Condors are the most massive vultures in the Western Hemisphere. To imagine the wing span of Andean and California Condors at their largest, picture 7-foot-one NBA superstar Shaquille O'Neal lying on his side. Now make him about three and a half feet taller.
Need a better image? See real Andean Condors take flight in the award-winning film The Path of the Condor, showing at the 8th Annual Audubon Nature Film Festival on Wednesday, June 16. The film includes some beautiful cinematography, with up-close aerial images of Condors gliding over snow-capped mountains and through rocky canyons. (Check out the movie trailer after the jump.)
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Audubon Arizona Founding Director Sam Campana says the film was chosen for their annual fundraising film festival because of its aesthetic beauty and relevance to local Condor conservation efforts. "The Condors are magnificent birds, with the largest wings spans of any birds on Earth, and there's some stunning photography in this film," she says. "They are only found in two places now -- in the Andes there is the Andean Condor, and in California and Arizona, there are California Condors."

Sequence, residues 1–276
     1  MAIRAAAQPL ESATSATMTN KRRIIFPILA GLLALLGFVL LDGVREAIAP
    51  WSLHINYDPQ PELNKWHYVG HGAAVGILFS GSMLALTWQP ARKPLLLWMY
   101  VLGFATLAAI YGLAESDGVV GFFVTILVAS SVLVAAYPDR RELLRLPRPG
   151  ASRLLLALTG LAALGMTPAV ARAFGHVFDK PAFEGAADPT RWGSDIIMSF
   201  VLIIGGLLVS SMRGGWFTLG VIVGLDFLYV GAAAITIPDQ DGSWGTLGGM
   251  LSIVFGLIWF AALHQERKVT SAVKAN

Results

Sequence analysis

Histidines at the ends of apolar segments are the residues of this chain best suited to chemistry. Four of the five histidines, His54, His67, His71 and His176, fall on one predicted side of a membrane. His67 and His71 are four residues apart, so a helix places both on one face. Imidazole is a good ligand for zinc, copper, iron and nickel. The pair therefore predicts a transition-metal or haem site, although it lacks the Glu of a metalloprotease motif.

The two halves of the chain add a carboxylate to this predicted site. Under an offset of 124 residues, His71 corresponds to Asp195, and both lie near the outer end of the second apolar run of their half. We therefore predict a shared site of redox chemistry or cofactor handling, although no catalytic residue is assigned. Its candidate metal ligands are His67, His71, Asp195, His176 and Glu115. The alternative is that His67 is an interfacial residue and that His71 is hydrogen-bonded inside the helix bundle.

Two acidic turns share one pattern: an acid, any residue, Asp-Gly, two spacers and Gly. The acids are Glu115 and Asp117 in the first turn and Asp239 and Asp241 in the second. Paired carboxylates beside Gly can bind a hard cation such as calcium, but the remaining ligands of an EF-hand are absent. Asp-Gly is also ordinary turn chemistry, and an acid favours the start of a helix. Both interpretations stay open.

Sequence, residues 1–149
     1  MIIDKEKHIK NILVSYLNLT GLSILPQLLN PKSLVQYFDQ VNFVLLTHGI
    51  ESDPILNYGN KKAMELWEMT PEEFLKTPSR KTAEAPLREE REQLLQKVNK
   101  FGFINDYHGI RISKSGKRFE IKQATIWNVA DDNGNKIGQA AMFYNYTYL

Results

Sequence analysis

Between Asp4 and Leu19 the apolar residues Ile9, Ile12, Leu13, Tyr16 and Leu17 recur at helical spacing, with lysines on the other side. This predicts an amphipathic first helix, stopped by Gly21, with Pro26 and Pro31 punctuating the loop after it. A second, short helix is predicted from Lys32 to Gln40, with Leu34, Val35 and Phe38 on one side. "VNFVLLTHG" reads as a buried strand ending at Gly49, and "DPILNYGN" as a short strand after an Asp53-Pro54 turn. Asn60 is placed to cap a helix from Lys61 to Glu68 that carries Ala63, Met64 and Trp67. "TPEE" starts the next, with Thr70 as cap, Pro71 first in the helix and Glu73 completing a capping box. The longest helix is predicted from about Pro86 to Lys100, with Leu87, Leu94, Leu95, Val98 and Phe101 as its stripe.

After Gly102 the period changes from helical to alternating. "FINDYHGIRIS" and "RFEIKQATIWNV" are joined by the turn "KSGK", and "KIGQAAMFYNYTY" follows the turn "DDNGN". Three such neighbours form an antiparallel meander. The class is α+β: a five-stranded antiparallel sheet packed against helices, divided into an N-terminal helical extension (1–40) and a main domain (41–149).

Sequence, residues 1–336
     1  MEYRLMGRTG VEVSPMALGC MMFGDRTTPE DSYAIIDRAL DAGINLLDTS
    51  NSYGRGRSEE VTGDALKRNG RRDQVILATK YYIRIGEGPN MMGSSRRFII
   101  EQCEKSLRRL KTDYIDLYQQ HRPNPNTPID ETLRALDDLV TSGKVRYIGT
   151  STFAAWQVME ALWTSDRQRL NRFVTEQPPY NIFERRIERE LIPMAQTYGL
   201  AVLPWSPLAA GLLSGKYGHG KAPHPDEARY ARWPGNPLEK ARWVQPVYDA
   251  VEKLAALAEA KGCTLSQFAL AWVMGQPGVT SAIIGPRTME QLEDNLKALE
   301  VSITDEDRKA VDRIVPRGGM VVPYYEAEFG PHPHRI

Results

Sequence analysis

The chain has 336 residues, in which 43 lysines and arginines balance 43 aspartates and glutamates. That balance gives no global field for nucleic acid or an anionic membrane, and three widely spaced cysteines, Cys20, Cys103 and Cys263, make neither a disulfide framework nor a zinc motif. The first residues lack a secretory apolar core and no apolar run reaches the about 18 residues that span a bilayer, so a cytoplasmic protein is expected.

"The film talks about what they went through to protect the Andean Condor," Campana continues. "And after the film, someone from the Arizona Game and Fish department will discuss local conservation efforts, and what we've done to help preserve the California Condors here in Arizona."
In addition to The Path of the Condor, the Audubon Nature Film Festival includes the documentary The Crimson Wing: Mystery of the Flamingos, which captures a community of a million flamingos at Lake Natron in Northern Tanzania. There will also be a "picnic supper," and a silent auction of a hundred items, ranging from golf packages to bird photos and art. All proceeds benefit the conservation programs of Audubon Arizona.
The 8th Annual Audubon Nature Film Festival takes place Wednesday, June 16, at Harkins Camelview 5 Theater in Scottsdale. Doors open at 5:30 p.m.; films begin at 7. Tickets cost $25 in advance, $30 at the door. For more information, or to reserve tickets, call 602-468-6470.